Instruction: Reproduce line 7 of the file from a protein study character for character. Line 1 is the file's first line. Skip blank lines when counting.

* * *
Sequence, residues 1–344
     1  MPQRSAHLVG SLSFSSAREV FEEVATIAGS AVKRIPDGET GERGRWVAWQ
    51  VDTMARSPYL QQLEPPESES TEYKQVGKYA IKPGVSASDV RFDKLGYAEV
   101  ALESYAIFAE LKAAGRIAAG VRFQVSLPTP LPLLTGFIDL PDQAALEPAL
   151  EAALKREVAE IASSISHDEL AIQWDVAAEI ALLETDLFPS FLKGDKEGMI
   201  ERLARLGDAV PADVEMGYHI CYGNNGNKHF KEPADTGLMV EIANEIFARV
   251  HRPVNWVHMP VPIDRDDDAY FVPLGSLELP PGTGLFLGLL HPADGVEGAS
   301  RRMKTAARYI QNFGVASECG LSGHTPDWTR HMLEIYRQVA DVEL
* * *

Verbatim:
   251  HRPVNWVHMP VPIDRDDDAY FVPLGSLELP PGTGLFLGLL HPADGVEGAS